His career numbers include 69 yards rushing on 15 carries and a TD. He could end up being an intriguing wild card.
He has fresh legs and being a Shanahan draftee, he could fit the mold of what Shanahan is looking for in a back. Preseason will give a good indication of whether or not Shanahan has long-term plans for him.
Portis is third because quite simply, Shanahan has shown a desire to move on from the Joe Gibbs and Jim Zorn eras. He wants to make his own mark on the team.
Portis has done nothing to distinguish himself the past year and a half and as such, Shanahan will need to see an elite performance from Portis this offseason should Portis want to remain with the team.
Johnson and Parker aren't likely to be cut because they were signed this offseason. Unless either of them completely disappoints in training camp, they should be on the final roster.
This further pushes Portis put of the picture because he is set to make big money this year. Johnson and Parker are cheaper, fresher options.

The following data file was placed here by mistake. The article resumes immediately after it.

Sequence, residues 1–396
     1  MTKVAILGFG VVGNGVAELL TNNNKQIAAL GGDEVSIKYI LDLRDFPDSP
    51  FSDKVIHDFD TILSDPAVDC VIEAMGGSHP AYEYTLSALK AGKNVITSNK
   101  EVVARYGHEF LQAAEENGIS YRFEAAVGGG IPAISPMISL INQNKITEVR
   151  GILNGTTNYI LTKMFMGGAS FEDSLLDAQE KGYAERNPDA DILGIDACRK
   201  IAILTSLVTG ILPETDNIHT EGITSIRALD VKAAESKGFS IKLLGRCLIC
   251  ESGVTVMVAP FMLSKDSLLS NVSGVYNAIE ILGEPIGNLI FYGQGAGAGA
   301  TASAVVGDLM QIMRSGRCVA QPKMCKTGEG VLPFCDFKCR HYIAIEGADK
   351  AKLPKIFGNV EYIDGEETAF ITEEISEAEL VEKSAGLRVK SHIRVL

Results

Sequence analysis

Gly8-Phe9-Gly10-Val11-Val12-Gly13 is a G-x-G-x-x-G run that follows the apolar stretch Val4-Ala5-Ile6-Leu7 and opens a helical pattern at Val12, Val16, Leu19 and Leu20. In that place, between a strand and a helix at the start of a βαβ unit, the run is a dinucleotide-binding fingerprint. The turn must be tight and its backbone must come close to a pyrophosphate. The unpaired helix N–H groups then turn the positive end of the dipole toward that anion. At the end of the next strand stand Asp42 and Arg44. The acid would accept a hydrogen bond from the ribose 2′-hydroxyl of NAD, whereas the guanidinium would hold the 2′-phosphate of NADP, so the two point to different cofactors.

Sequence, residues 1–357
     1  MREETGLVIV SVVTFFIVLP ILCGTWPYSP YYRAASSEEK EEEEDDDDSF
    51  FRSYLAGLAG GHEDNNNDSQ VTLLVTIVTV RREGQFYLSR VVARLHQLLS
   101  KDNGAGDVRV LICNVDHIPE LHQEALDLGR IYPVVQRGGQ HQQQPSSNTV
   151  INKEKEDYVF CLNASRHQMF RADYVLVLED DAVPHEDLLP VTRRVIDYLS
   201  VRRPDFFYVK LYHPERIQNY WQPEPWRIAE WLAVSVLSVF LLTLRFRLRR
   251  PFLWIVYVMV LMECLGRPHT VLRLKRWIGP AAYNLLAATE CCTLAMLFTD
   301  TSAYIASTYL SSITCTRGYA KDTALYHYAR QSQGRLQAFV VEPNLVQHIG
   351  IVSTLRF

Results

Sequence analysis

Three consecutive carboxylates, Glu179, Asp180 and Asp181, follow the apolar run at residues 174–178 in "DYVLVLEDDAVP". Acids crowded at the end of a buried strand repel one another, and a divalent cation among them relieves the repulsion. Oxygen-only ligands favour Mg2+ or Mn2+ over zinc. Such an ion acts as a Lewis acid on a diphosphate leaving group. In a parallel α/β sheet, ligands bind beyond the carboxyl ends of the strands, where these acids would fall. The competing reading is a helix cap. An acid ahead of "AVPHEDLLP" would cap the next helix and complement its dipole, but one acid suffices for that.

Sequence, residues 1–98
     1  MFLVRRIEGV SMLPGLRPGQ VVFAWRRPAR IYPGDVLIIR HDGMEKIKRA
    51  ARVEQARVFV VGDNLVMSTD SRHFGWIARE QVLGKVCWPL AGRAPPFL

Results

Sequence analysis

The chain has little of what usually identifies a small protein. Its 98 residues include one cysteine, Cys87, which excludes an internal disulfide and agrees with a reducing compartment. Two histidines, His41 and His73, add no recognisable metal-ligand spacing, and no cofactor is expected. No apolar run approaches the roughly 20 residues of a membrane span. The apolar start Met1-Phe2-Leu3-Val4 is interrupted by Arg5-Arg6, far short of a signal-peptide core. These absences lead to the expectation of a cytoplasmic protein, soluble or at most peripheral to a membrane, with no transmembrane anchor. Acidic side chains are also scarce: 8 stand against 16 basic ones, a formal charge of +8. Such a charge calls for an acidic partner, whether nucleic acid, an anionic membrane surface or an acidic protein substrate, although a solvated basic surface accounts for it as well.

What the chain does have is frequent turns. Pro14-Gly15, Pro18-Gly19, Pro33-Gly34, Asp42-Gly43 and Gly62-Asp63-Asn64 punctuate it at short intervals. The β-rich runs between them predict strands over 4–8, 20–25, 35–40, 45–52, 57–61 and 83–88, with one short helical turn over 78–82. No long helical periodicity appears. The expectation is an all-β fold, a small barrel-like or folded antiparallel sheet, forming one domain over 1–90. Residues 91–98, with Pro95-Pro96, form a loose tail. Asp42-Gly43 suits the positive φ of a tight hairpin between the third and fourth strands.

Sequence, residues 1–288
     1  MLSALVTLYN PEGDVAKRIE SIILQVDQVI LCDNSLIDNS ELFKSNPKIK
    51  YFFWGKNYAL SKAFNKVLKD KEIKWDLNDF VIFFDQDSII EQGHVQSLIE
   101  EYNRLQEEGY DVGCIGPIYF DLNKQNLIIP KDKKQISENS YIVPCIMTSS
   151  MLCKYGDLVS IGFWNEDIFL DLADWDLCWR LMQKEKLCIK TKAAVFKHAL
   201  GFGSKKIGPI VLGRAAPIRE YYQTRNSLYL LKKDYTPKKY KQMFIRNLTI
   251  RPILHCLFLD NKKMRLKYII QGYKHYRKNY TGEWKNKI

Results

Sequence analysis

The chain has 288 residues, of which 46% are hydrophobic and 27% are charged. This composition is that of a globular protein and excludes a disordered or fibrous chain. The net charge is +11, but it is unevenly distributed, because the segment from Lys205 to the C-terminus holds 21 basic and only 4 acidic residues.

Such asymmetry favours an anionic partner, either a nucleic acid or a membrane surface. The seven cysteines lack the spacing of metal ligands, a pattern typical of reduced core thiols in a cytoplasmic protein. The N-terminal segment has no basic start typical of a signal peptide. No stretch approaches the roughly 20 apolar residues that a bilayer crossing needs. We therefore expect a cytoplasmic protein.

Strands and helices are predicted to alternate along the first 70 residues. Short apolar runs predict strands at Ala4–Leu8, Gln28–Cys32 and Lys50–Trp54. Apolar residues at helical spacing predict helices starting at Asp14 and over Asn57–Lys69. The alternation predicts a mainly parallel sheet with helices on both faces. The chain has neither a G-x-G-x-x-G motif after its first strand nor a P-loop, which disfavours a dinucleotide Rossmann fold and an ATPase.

The goal of the ground game this year appears to be running back by committee. Neither of the three needs to have a big season; all that needs to happen is for the three to make the most of their opportunities and move the ground game into a top-15 rushing attack.
I believe Shanahan isn't planning on using this threesome as a long-term option. They are just in place to bolster the run game for a year until Shanahan sets into place his blocking schemes. Then, he will make the move to add a franchise RB unless one of the current backs has a career rebirth.
The big weakness for the run game in 2010 is once again the lack of a change-of-pace third-down back. Parker is fast, but not quick with gamebreaking abilities. There is also the lack of a consistent receiving threat out of the backfield.
I see Portis as being the odd man out (especially if Brian Westbrook is signed) with Parker as the starter going into the season. Johnson will be the goal-line back and Torain will see some third-down action.
What is the duplicate article?
Why is this article offensive?
Where is this article plagiarized from?
Why is this article poorly edited?